Performance Reviews Attitudes

The global pandemic changed many areas of life, few changed as much as the business work environment. Many organizations shifted to a large percentage of their staff working from home or working in a context with much fewer in-person interactions with one another. This report is a research study into whether the changes in how businesses operated were reflected in the continuation of performance reviews and the current employee and manager attitudes towards the employee evaluation process.

Your company is likely seeking more information about whether or not to continue performance reviews during this time. You also want to understand their effectiveness and how to maximize performance management, especially in times of remote staff.

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2021 Performance Review Attitudes Survey

Performance management can have a direct positive benefit to organizations that run them correctly. Many studies have been performed in the past several decades about the effectiveness of performance management, and specifically performance reviews, and smart companies are regularly asking the question, “does our performance management process result in a positive ROI and the best from our workforce?” The question is even more timely today with the disruption in business the past year. This survey is designed to discover the current attitudes towards performance reviews and to answer the question, “did companies stop using performance reviews during the pandemic?” The answer to the last question might surprise you.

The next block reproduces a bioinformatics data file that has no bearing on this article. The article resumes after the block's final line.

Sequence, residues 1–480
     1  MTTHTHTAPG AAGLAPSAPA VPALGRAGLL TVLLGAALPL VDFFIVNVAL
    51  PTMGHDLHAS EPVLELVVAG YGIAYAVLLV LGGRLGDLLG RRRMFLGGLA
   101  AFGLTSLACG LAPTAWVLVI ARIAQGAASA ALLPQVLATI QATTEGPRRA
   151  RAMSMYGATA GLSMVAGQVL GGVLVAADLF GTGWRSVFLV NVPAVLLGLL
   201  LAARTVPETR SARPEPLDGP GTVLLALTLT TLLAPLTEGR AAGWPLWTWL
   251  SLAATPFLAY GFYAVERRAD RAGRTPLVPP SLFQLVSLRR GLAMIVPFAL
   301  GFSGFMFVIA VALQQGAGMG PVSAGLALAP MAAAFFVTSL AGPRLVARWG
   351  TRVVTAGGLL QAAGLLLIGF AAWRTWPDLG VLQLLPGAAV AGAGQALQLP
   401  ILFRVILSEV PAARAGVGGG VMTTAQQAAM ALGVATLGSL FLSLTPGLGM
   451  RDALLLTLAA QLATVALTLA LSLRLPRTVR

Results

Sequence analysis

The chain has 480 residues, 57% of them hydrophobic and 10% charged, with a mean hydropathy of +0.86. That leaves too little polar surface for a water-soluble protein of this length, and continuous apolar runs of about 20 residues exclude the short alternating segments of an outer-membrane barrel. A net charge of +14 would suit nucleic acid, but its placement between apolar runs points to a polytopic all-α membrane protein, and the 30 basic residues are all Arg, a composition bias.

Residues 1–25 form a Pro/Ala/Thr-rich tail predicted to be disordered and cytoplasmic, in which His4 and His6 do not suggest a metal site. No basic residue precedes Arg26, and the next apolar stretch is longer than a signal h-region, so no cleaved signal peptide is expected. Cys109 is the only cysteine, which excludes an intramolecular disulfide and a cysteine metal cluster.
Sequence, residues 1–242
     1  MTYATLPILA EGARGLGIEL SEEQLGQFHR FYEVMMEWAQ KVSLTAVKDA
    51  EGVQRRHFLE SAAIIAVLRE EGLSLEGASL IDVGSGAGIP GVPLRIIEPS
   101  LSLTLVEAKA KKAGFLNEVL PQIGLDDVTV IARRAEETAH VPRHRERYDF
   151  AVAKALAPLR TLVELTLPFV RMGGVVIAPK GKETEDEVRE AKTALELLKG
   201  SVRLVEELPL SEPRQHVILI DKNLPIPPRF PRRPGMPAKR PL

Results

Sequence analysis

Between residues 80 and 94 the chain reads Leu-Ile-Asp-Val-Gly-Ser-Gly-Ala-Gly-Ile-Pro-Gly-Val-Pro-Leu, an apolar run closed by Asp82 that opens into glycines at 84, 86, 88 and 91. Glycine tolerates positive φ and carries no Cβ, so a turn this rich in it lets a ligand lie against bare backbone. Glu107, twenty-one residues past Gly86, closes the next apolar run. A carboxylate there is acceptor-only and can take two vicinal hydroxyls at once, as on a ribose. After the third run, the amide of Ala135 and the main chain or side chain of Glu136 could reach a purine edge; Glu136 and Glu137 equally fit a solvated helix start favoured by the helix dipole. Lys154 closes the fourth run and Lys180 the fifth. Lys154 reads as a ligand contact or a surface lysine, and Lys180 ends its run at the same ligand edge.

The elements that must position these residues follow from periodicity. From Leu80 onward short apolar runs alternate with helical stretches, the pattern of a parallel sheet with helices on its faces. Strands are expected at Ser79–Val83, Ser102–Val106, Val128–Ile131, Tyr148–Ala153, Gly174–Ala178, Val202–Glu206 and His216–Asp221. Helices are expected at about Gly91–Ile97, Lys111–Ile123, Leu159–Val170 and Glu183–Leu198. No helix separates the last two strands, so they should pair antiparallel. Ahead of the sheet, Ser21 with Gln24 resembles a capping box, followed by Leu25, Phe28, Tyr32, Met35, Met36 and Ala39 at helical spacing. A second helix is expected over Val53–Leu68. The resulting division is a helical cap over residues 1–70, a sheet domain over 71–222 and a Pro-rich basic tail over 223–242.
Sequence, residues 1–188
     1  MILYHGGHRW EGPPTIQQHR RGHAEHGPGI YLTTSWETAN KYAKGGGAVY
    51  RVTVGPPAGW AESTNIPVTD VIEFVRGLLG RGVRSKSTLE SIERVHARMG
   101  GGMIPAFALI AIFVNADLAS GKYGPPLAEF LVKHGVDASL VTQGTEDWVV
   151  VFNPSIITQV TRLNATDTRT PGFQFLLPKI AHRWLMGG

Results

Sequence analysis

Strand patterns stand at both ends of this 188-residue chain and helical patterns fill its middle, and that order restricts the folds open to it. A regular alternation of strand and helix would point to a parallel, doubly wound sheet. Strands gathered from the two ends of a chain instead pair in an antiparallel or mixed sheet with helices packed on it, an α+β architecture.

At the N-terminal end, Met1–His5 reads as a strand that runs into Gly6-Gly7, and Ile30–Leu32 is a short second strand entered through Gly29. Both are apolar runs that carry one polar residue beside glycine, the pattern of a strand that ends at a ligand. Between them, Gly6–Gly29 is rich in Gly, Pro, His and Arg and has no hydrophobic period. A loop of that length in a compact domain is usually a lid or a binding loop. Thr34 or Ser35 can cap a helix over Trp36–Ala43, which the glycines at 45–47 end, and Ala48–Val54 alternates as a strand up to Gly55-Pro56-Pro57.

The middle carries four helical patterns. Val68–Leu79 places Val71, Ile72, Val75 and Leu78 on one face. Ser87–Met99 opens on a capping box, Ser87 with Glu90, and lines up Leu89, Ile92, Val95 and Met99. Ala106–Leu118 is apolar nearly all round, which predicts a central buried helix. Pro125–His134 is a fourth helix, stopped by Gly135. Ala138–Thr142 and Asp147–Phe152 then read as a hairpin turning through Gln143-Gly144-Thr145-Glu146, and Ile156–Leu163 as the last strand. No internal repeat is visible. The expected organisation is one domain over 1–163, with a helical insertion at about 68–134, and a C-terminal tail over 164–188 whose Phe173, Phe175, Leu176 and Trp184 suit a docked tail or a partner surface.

Key findings:

  1. Companies continue to use performance reviews despite the pandemic.
  2. Managers believe performance reviews are effective (73%) while 62% of employees believe they are ineffective.
  3. Money and benefits are the driving force for why employees look for a new role.

Did the pandemic change how companies do performance reviews?

The global pandemic changed so much for businesses and their leadership and employees. One of the core questions we wanted to answer with this survey is: how did the pandemic change performance reviews for businesses? What we found was surprising.